The Bulls made a big move on draft night, but anything that happens now is merely setting the stage for what's in store.
By trading their two first-round picks, Nos. 16 and 19, the Bulls acquired Creighton sharpshooter Doug McDermott, who was chosen No. 11 by Denver. The Bulls were so intent on landing McDermott, they agreed to also take lightly used power forward Anthony Randolph from the Nuggets.
The 6-foot-8 McDermott does fill a significant need, giving the Bulls a talented shooter and scorer. He finished his college career as the No. 5 leading scorer in NCAA Division I history with 3,150 points and averaged 26.7 points as a senior.
"I think if you view him as a strictly a shooter, you're not casting the proper light on him, because he's a lot more than that," Bulls coach Tom Thibodeau said Thursday night at the Berto Center. "We think he's a complete player. We think he's capable of playing very good defense.
"He's going to get in here right away and we'll get to work."
The Bulls clearly have eyes for a more accomplished shooter, New York's Carmelo Anthony. Whether the Bulls need to clear cap space to sign Anthony outright or figure out a sign-and-trade with the New York Knicks, McDermott could be headed out of town before suiting up for the Bulls.
Then again, the Bulls might whiff on Anthony, in which case, McDermott could become a significant player in Chicago. It would be interesting if McDermott eventually plays with 6-10 European star Nikola Mirotic, also billed as a top-notch range shooter.
"We've spent a lot of time planning for all the different scenarios, all the things that could happen here in July," general manager Gar Forman said. "Obviously, to try to accomplish some things, we're going to have to be creative."
At Nos. 16 and 19, the Bulls chose Bosnian center Jusuf Nurkic and Michigan State guard Gary Harris for Denver. Many predictions had Harris being chosen in the early teens.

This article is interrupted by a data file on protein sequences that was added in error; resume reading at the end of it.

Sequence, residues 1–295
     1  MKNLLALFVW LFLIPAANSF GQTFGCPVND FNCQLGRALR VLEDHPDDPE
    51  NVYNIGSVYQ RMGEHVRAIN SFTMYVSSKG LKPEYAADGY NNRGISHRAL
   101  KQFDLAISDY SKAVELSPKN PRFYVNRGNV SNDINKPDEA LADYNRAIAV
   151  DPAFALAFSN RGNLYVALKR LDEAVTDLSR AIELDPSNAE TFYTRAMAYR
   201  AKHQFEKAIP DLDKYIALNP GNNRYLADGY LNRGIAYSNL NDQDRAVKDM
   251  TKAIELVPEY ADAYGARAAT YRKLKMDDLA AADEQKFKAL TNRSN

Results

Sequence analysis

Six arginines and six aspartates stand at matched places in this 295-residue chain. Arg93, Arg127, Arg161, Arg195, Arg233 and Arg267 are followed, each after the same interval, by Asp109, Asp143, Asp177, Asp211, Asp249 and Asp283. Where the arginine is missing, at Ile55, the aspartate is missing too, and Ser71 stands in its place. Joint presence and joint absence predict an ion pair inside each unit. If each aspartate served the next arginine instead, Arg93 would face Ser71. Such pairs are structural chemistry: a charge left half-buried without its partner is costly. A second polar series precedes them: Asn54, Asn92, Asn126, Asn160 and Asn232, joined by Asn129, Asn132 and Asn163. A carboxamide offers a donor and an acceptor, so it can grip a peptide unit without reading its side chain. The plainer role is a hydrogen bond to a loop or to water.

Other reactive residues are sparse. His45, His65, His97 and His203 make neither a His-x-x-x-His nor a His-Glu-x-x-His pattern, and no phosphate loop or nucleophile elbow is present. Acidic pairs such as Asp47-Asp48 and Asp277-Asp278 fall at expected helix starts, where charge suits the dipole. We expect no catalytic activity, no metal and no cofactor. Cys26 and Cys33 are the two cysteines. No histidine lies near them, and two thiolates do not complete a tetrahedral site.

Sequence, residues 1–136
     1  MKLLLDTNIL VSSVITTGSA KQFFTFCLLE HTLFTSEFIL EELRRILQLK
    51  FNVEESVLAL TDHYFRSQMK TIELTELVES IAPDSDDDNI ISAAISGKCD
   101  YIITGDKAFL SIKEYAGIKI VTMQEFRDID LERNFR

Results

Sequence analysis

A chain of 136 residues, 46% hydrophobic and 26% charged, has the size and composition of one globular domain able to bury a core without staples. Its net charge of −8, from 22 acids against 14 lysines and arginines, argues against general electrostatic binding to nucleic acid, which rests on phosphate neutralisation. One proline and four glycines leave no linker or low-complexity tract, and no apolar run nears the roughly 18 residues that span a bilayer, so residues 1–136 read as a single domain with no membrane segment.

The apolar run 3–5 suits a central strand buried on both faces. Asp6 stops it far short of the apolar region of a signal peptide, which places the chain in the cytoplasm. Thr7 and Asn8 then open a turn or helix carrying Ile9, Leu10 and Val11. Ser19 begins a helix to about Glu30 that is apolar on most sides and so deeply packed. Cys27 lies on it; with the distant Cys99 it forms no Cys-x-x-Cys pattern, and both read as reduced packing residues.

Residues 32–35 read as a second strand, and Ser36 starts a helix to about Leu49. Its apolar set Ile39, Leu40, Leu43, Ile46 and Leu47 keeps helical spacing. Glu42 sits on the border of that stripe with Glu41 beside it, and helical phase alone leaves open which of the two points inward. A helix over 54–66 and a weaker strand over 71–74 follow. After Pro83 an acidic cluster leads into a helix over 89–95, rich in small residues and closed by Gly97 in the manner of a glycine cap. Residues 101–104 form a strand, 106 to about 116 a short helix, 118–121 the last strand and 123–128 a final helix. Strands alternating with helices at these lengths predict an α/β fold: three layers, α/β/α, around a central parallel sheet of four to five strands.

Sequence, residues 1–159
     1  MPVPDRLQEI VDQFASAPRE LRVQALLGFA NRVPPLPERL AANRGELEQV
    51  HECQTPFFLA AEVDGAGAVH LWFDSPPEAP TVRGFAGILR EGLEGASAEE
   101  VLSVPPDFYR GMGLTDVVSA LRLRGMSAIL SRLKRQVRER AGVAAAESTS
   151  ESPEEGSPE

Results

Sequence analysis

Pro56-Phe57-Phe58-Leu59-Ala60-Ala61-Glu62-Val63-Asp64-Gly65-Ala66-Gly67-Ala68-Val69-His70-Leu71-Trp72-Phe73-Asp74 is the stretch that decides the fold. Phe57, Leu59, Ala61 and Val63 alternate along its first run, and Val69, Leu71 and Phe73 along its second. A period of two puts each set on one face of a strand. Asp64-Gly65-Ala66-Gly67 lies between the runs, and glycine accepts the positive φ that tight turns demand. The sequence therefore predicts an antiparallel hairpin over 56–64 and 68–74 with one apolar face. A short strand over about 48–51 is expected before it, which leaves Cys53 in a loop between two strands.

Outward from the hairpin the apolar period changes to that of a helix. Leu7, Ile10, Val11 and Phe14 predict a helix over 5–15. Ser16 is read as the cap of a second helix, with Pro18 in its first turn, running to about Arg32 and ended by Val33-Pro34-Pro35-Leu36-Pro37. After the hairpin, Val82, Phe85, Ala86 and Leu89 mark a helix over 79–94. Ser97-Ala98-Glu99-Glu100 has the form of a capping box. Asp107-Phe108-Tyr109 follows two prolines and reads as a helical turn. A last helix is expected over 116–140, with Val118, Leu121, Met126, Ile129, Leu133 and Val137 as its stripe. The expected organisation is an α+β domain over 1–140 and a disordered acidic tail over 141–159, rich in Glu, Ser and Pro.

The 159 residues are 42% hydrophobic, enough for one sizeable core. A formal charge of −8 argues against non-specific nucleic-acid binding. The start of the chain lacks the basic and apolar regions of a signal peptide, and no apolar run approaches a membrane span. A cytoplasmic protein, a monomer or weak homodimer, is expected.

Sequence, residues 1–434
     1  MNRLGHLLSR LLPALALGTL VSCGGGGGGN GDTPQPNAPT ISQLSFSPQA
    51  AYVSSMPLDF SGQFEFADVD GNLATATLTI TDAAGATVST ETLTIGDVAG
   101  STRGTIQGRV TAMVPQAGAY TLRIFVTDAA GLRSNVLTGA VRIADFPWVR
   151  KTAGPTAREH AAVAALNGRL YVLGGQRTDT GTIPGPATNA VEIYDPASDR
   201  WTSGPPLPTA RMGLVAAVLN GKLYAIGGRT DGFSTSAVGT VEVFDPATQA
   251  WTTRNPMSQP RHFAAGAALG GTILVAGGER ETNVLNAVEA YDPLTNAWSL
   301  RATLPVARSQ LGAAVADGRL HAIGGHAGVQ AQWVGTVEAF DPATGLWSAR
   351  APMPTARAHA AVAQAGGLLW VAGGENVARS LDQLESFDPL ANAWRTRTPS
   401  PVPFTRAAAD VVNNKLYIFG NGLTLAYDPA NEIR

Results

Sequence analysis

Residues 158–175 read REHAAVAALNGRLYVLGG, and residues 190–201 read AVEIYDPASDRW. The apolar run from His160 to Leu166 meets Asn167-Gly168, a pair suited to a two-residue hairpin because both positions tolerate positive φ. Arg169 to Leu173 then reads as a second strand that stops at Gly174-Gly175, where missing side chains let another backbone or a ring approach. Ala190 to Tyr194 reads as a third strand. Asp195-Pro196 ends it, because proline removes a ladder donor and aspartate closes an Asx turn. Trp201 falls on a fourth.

At the NBA's predraft camp in May, McDermott talked about possibly joining the Bulls. He heard good things about the Bulls from fellow Creighton sharpshooter Kyle Korver, who played in Chicago from 2010-12.
"I think I'd fit in great," McDermott said, according to bulls.com. "I feel like they always have a good group of guys. And, obviously with Derrick Rose returning, he draws a lot of attention, so I feel like my outside shooting could really help them."
Of course, with Thibodeau sitting in the coaching chair, the subject inevitably turns to defense.
"I feel like I'm a much better defender than people give me credit (for)," McDermott said. "I think I can really understand the team concept of defense, and I think that is a place where I could fit in. … I'm a guy that hates getting scored on."
McDermott was a late bloomer in basketball, playing on the freshman and sophomore teams at Ames (Iowa) High School. When he joined the varsity, McDermott teamed up with current Golden State Warriors forward Harrison Barnes to win two state titles.
At the time, McDermott's father, Greg, was head coach at Iowa State. Father and son weren't convinced Doug was a Big 12-caliber player, so he signed with Northern Iowa.
Eventually, Greg McDermott was replaced at Iowa State by Fred Hoiberg. After taking the job at Creighton, Doug asked to be released from his letter of intent to play for his dad.
Forman said president of basketball operations John Paxson went to scout McDermott and ended up getting stranded by a snowstorm.
"(Paxson) saw him play twice and practice four times and got to know Omaha really well," Forman said. "Obviously because he's a four-year player and he's been on the radar; we got a chance to see him quite a bit."
The 6-11 Randolph, who turns 25 next month, has been a low-usage player the past two years in Denver, averaging 4.8 points and 2.8 rebounds last season. He's set to make $1.8 million next year but is unlikely to be part of a sign-and-trade deal. NBA rules prohibit him from being traded in a multiplayer deal for 60 days.
The Bulls also owe the Nuggets a future second-round pick. In Thursday's second round, the Bulls chose 6-10 Cameron Bairstow from the University of New Mexico and Brisbane, Australia.
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